It took twenty years of judicial experience with the Supreme Court's decision in Swain v. Alabama, 380 U.S. 202, 85 S.Ct. 824, 13 L.Ed.2d 759 (1965) for the Supreme Court to realize that its decision regarding peremptory challenges placed a "crippling burden of proof' on defendants. See Batson, 476 U.S. at 91-92, 106 S.Ct. at 1721. And while the Supreme Court has often recognized that peremptory challenges can be exercised in a manner contravening the equal protection clause of the Fourteenth Amendment; the Court has never explicitly considered whether peremptory challenges per se violate equal protection. This court holds that they do.
It is time to put an end to this charade. We have now had enough judicial experience with the Batson test to know that it does not truly unmask racial discrimination. In short, lawyers can easily generate facially neutral reasons for striking jurors and trial courts are hard pressed to second-guess them, rendering Batson and Purkett's protections illusory. After ten years, this court joins in Justice Marshall's call for an end to peremptory challenges and the racial discrimination they perpetuate.
Many commentators have likewise advocated the end of peremptory challenges, for example: David Zonana, The Effect of Assumptions about Racial Bias on the Analysis of Batson's Three Harms and the Peremptory Challenge, 1994 Ann. Surv Am.L. 203 (1995); The Supreme Court — Leading Cases: Equal Protection, 105 Harv. L.Rev. 255 (1991); Robert L. Harris, Jr., Redefining the Harm of Peremptory Challenges, 32 Wm. Mary L.Rev 1027 (1991); Albert W. Altschuler, The Supreme Court and the Jury: Voir Dire, Peremptory Challenges, and the Review of Jury Verdicts, 56 U.Chi.L.Rev. 153 (1991).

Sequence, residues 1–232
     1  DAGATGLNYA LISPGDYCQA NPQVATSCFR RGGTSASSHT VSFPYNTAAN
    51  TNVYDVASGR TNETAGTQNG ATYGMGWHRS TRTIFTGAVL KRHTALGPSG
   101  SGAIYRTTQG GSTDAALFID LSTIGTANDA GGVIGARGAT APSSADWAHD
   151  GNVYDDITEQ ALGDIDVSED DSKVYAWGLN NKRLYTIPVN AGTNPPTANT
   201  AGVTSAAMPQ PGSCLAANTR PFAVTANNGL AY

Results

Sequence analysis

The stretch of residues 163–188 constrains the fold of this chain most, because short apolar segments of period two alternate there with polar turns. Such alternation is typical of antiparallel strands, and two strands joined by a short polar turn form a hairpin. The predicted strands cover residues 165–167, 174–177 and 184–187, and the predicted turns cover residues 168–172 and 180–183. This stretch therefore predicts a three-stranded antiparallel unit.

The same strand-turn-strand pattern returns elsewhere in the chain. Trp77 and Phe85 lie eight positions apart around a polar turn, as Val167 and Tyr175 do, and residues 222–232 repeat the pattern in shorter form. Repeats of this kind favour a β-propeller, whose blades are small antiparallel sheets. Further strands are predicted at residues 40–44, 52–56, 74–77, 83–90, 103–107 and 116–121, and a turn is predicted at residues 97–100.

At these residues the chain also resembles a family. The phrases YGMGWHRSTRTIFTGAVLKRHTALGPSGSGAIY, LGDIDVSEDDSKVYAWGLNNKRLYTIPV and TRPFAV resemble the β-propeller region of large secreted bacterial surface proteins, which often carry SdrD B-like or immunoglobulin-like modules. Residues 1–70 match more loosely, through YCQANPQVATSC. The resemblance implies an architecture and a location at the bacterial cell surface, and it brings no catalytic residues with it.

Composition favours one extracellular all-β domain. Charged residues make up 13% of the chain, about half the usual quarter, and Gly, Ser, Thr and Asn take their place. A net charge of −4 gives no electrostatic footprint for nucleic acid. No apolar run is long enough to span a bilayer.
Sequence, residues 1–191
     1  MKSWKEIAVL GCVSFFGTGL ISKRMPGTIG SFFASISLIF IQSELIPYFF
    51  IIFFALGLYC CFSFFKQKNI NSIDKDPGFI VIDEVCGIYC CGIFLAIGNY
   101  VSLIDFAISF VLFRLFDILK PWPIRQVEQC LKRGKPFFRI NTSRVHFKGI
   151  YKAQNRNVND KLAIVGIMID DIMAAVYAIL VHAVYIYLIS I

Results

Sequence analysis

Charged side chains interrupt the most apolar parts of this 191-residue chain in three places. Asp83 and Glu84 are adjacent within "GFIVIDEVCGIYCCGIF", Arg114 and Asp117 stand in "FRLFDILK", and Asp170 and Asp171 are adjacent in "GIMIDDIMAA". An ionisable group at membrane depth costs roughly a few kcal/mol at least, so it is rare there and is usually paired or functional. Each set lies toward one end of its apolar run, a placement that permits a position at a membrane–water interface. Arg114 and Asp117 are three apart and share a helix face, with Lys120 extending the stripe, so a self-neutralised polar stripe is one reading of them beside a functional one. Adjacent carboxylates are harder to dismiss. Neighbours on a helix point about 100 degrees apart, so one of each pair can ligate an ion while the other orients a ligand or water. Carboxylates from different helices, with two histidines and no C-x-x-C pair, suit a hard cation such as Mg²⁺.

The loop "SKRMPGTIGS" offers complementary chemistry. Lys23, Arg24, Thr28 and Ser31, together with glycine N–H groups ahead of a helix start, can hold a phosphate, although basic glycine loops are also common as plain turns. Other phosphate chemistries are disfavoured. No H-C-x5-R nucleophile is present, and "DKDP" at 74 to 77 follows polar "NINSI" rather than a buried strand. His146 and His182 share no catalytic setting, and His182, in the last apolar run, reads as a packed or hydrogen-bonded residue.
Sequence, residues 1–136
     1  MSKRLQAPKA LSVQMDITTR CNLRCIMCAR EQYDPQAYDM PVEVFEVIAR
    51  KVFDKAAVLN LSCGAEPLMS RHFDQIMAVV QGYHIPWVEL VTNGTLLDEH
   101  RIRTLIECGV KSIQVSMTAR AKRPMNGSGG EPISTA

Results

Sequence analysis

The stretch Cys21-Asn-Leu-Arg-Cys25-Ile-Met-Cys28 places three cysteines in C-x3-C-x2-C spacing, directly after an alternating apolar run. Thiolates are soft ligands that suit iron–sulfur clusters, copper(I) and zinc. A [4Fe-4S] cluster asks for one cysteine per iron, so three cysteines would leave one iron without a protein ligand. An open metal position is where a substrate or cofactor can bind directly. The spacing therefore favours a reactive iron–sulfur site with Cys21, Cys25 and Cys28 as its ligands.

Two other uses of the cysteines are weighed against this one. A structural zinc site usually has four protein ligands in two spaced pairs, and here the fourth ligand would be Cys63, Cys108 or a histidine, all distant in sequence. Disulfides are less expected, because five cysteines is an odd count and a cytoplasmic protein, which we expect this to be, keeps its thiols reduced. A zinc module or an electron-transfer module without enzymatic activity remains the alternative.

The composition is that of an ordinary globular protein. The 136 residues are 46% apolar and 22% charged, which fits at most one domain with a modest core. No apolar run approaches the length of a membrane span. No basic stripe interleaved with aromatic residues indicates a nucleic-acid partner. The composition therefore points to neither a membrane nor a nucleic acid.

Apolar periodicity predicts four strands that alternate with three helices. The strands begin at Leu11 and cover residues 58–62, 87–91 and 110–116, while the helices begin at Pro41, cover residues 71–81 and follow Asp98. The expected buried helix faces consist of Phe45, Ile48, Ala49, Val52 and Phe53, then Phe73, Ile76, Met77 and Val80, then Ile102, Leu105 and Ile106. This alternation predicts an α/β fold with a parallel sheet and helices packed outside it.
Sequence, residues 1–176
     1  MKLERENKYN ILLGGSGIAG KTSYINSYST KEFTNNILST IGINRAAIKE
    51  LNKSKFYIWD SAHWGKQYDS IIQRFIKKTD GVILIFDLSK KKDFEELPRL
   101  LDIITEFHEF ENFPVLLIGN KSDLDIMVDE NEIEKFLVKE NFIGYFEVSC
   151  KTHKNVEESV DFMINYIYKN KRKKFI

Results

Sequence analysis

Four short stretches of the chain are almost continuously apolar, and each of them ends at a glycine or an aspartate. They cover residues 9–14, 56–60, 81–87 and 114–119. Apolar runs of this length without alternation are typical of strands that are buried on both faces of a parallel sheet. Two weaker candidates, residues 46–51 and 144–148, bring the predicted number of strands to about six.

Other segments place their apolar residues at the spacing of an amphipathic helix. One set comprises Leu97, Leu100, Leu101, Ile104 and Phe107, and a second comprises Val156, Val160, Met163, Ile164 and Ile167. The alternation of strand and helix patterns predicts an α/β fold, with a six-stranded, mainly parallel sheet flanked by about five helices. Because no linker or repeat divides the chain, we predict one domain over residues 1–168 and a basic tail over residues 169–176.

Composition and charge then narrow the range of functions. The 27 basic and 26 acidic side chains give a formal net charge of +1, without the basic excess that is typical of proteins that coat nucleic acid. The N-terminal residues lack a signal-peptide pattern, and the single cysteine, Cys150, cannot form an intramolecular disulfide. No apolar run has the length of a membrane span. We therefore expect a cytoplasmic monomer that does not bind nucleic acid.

Accordingly, this court vacates its prior oral decision at the time of jury selection to the effect that plaintiff's remedy for defendants' Batson violation, in the event of a verdict for defendants, would be a new trial. This court now holds that, given plaintiff's own Batson error, equity does not favor granting her a new trial on this basis. This court also holds that judicial experience with peremptory challenges proves that they are a cloak for discrimination and, therefore, should be banned.
III. Standard For A New Trial
Having rejected plaintiff's claim to a new trial based on defendants' Batson error, this court now considers whether plaintiff meets the standard for a new trial under Fed.R.Civ.P. 59 and the law of this Circuit. Rule 59 provides: "A new trial may be granted . . . in an action in which there has been a trial by jury, for any of the reasons for which new trials have heretofore been granted in actions at law in the courts of the United States . . . ." The decision whether to grant a new trial "is committed to the sound discretion of the court." Metromedia Co. v. Fugazy, 983 F.2d 350, 363 (2d Cir. 1992), cert. denied, 508 U.S. 952, 113 S.Ct. 2445, 124 L.Ed.2d 662 (1993). In deciding a motion for a new trial, the court "is free to weigh the evidence . . . and need not view it in the light most favorable to the verdict winner." Song v. Ives Laboratories, Inc., 957 F.2d 1041, 1047 (2d Cir. 1992).
A new trial is warranted only if this court is convinced that the jury reached a seriously erroneous result or that the verdict is against the weight of the evidence, making its enforcement a miscarriage of justice. Smith v. Lightning Bolt Productions, Inc., 861 F.2d 363, 370 (2d Cir. 1988); Mallis v. Bankers Trust Co., 717 F.2d 683, 691 (2d Cir. 1983). In light of the extraordinarily weak case presented by plaintiff at trial, this court can not find that the jury so erred.